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I love where I live. With Sonoma’s breathtaking beauty among her rolling hills, picturesque vineyards, and the close-knit community I am blessed to call home, it's easy to say I love what I do. As a real estate professional and food writer, Sonoma Dish endeavors to share with you my enthusiasm for living the wine country lifestyle.

 

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  • Therese Nugent

Do Unto Others and Other Open House Etiquette Tips

The traditional spring selling season is upon us and so is the ritual of sellers opening their homes on weekends to promote their properties. Visiting open houses is a great opportunity to walk through a house without the need of an appointment nor necessity to bring along your realtor Like any event open to the public, a little open house etiquette may be in order. Before you hit the streets, check out these tips.


Wipe your feet.

Or if the agent requests you to remove your shoes at the door, by all means do so. Often times, paper booties will be provided for you to conveniently cover your shoes. If it’s raining or the newly installed gorgeous hardwood floors need protecting from street wear, this request is not unusual. Use the booties, or wear easy-to-remove shoes. And it’s always a good idea to have socks on.


Keep an eye on the kids.

It’s often a family affair when looking for your new home and it’s tempting to bring the kids along for the fun. However, while you’re checking out the property, it’s likely your little ones will go exploring on their own. If children are accompanying you on your afternoon of open house touring, be sure to keep them by your side at all times. Most houses are not childproofed. You don’t want to create a situation where they could potentially harm themselves or do damage to the home or its furnishings.


And pets, too.

Or better yet, leave Fido at home. It’s not enough your four-legged child is on a leash assuming you’ll have a place to tie him up while you make a mad dash through the house. And no seller wants a dog inside his perfectly staged home—even if you offer to carry the fur ball around. Further, as one can imagine, it gets really awkward when the pet owner needs to ask the agent if there is something they can use to clean up its mess. Just no.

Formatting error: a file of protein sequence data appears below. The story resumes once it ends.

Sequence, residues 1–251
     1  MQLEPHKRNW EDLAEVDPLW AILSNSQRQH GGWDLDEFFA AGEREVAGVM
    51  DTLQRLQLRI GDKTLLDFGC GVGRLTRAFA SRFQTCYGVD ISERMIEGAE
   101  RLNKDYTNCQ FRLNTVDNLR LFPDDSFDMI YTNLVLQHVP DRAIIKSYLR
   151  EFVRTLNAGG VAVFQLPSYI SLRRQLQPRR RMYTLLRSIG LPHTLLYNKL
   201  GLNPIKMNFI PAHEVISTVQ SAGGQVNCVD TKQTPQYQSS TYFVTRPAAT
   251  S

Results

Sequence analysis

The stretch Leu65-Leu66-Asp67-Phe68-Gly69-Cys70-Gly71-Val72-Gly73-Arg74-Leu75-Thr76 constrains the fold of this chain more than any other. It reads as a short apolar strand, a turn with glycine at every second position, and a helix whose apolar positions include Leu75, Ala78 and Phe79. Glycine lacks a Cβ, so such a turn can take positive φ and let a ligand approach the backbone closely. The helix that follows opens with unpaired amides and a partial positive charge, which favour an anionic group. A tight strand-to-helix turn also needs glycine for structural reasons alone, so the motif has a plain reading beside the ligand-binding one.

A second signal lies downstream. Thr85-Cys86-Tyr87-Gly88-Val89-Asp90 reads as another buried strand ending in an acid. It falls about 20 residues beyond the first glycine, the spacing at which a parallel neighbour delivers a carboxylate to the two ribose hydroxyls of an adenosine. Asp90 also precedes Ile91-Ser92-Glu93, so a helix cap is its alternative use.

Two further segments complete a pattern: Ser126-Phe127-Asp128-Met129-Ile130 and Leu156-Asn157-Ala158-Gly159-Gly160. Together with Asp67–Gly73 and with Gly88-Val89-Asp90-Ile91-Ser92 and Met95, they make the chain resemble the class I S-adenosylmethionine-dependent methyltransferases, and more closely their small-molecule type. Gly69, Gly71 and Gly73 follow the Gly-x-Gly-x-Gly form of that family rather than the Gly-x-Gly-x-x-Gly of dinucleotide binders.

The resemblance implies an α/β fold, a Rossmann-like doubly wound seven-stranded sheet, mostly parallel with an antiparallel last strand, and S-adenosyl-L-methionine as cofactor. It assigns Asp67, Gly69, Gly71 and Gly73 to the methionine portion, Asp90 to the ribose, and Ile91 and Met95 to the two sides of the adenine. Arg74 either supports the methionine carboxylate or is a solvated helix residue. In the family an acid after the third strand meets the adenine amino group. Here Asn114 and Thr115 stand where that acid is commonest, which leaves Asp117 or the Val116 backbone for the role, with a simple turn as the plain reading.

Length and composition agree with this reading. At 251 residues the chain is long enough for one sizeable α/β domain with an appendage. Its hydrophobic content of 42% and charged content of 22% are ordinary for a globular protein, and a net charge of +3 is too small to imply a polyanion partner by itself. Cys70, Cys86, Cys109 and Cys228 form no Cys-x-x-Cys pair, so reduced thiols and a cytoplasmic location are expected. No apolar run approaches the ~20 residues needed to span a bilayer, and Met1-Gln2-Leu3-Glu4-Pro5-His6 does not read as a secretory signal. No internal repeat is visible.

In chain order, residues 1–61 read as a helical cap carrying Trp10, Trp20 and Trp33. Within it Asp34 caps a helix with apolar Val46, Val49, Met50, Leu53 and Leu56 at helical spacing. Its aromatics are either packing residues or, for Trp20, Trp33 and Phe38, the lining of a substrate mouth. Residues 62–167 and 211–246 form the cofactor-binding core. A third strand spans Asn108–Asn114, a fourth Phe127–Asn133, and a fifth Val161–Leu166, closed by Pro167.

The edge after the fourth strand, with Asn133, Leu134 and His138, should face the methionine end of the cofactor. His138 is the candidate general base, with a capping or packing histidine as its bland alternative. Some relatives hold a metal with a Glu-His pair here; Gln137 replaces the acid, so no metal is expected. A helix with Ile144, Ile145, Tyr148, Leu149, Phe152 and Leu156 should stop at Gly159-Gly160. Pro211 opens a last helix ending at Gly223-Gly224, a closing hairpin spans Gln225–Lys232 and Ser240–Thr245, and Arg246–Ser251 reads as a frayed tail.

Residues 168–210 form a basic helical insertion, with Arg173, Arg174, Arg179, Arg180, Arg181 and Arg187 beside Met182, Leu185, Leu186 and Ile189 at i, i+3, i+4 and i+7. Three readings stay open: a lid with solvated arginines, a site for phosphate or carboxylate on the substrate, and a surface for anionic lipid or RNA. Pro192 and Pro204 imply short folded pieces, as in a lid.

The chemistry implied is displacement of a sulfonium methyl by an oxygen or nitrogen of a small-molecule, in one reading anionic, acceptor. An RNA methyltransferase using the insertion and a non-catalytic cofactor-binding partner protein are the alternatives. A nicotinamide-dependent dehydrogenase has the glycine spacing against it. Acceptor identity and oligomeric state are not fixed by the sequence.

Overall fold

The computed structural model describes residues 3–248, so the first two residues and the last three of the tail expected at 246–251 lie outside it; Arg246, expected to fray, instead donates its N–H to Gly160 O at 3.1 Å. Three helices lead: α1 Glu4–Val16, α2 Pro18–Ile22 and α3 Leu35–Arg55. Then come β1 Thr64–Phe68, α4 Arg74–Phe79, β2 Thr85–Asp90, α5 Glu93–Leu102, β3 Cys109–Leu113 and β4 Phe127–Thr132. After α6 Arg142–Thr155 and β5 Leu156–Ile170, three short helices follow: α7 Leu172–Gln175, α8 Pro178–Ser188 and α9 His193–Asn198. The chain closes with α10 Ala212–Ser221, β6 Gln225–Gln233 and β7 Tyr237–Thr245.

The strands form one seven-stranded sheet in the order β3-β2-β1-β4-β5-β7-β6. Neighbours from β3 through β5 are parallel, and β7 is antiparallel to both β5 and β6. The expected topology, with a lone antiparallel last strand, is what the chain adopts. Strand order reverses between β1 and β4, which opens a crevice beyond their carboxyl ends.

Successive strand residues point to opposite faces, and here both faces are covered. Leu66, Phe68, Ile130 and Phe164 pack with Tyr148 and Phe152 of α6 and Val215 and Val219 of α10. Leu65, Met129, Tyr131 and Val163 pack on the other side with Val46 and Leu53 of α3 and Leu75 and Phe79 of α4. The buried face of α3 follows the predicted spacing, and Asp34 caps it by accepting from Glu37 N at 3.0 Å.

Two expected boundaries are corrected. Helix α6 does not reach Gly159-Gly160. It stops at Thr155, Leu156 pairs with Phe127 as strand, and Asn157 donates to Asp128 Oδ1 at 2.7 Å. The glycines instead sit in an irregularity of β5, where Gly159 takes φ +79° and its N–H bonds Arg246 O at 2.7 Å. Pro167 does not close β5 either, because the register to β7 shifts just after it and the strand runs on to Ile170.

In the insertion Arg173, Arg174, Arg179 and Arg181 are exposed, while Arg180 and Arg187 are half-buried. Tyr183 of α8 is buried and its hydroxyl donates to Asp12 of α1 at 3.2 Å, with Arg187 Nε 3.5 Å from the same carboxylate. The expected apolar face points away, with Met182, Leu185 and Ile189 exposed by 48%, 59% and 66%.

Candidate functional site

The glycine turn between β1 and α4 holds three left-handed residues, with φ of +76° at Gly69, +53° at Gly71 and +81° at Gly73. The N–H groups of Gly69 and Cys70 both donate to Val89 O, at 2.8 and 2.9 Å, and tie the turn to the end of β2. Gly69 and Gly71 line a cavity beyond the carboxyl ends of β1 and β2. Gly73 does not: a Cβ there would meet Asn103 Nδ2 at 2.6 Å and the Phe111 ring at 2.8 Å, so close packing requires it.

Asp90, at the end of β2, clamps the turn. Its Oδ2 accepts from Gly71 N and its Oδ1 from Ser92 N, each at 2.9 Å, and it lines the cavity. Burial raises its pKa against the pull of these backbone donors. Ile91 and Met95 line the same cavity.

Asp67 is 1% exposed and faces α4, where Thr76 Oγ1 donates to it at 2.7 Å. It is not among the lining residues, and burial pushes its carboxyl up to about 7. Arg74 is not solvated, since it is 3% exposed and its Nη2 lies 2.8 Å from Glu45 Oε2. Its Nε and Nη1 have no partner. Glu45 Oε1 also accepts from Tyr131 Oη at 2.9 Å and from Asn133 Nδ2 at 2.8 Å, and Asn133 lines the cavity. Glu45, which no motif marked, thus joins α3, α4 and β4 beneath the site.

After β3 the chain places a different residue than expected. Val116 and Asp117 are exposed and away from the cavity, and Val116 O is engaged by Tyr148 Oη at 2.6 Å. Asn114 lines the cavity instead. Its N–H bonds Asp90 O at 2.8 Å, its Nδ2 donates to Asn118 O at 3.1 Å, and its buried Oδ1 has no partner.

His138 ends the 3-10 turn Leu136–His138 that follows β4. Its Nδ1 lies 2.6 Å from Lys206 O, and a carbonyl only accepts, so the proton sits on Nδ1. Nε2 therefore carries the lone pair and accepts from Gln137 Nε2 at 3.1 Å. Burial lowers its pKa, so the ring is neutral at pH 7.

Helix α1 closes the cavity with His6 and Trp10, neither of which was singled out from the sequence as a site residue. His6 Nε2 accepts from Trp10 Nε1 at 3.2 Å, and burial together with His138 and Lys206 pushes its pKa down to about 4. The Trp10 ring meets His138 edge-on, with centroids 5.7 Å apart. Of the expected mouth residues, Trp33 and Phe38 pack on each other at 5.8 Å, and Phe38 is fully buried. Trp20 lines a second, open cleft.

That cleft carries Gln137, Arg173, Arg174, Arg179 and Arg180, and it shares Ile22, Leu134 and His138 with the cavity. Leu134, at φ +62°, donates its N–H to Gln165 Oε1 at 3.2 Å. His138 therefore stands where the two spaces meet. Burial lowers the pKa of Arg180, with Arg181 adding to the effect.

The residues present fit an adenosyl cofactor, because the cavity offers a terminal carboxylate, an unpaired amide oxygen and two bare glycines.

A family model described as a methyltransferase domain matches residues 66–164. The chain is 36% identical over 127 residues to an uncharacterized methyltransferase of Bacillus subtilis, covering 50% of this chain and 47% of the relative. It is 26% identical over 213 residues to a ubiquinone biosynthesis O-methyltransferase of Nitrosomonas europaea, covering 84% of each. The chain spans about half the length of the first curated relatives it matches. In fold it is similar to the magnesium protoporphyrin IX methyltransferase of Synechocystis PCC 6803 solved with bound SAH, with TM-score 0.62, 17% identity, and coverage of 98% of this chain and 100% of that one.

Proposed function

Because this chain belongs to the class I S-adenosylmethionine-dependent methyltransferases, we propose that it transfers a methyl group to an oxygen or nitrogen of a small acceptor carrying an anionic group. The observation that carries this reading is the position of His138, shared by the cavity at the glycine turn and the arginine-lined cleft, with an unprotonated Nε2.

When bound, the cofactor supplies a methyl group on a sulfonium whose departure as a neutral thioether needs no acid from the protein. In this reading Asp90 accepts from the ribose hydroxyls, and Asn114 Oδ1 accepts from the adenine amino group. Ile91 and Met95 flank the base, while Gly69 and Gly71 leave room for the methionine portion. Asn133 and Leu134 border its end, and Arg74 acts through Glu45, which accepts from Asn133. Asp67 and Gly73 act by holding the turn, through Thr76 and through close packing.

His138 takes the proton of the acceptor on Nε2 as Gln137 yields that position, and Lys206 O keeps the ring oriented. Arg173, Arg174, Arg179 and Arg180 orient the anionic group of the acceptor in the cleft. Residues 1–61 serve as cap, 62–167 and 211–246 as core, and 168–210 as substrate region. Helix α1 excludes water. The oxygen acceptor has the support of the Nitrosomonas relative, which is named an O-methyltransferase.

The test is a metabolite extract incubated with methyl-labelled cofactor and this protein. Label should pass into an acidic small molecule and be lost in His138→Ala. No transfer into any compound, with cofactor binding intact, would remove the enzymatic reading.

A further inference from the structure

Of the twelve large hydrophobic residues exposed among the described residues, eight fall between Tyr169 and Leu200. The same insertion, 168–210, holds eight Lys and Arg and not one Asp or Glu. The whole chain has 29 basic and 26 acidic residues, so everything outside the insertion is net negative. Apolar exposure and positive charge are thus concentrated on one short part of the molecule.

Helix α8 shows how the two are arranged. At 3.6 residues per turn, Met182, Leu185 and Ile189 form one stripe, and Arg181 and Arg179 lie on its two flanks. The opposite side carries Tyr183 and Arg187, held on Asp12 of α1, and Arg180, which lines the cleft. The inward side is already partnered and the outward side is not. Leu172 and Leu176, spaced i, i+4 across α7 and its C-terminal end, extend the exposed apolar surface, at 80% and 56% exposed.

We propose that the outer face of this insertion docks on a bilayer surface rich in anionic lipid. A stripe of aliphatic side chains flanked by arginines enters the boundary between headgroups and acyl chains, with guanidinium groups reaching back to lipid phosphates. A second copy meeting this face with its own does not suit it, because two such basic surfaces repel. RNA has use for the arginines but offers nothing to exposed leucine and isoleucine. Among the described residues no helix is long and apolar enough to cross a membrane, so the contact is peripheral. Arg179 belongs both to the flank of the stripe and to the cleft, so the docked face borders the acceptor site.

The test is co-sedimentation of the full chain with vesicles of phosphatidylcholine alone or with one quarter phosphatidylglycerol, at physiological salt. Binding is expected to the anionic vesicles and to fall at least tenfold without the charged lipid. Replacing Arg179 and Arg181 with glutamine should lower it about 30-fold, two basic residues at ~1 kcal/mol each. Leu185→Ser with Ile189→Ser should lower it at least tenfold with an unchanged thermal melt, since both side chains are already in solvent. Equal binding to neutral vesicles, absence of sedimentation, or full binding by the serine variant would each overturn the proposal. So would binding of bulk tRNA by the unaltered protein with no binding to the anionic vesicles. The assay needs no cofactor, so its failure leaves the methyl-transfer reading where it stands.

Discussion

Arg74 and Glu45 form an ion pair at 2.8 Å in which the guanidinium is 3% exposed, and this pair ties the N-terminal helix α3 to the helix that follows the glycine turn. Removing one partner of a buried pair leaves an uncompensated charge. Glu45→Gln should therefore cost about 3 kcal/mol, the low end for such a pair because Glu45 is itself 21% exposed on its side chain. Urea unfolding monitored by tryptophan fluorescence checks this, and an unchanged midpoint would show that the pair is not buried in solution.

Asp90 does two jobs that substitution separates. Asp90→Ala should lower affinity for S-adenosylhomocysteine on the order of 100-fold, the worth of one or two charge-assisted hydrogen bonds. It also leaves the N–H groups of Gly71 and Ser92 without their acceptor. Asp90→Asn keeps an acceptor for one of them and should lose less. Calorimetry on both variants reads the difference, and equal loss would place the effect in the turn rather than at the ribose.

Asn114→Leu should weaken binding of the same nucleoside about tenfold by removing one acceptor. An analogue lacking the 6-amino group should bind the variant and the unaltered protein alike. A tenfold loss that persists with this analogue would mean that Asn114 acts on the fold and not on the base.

Peek in the closets but don’t touch.

It’s perfectly okay to check out closets and other storage areas but make it brief. You’re shopping for closet space, not a new wardrobe. Not cool to check out the contents of the fridge and it’s really uncool to look in medicine cabinets. A smart seller will put away sensitive items (because people will look anyway) and hide prescribed medications as this, unfortunately, can be a temptation to some visitors. Respect the homeowner’s private spaces that have no relevance to purchasing the home. Curiosity killed the cat. And maybe the deal.


Don’t be sharing on Instagram.

Everything we do these days can be shared instantaneously on social media. But you’re crossing the line when you send a selfie to your bestie in the house you’ve just fallen in love with. Security becomes an issue. But by all means, ask permission to take a photo of things of relevance. Often times, it may be appropriate if a spouse isn’t present and you need to capture some focal point. Otherwise, no photos. Many listings have dedicated websites and the agent can direct you to the site for additional images.


Leave your latte at the door.

Along with the smartphone is a perpetual coffee cup in hand. Bringing food and drink into an open house is a big no-no. Because accidents happen-- like when that loose dog bumps you and your cup splashes over. Very often the house is staged and there is nothing to clean up a mess. It’s just as bad to ask the agent to dispose of your trash, as often there is no receptacle to do so in a staged home.


Hold your tongue.

Like your mother told you, if you can’t say anything nice, don’t say anything at all. The seller still calls this place home and, even though it’s unlikely the seller is present at the open house, you never know who may be listening. Which leads me to another point: everything can and will be used against you in a potential negotiation. If you end up in a multiple offer situation where all things considered are similar, you don’t want the seller choosing the other buyer because he heard you badmouth his home.


If you gotta go, you gotta go.

Best to avoid this if at all possible, but if you’ve got to go, you’ve got to go. However, this request opens up all kinds of what-ifs. Don’t just wander off and take care of business. You never know, a vacant house may have the water shut off so there’s no way to flush and that’s essential to know before you go. And if you’re occupying the bathroom for more than a minute or two, that means other potential buyers can’t checkout it out—and may not want to after you’ve been in there. Best to schedule pit stops along the way on your tour of open homes.


Bottom Line

Follow the Open House Golden Rule: “Do unto others’ homes as you’d have them do unto yours.” Happy Hunting!